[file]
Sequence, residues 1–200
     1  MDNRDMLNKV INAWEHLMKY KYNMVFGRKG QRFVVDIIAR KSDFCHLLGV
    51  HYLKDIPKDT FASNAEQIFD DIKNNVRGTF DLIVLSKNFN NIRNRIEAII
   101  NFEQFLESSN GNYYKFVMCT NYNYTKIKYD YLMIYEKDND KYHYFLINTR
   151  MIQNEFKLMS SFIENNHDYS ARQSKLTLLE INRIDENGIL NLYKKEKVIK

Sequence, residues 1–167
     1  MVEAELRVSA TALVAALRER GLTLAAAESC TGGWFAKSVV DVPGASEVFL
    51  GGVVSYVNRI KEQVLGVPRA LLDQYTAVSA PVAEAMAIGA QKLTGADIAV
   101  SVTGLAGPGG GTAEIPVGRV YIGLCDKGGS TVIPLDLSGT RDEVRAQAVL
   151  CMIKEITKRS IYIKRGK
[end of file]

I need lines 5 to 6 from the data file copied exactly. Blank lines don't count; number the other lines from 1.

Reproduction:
   151  MIQNEFKLMS SFIENNHDYS ARQSKLTLLE INRIDENGIL NLYKKEKVIK

Sequence, residues 1–167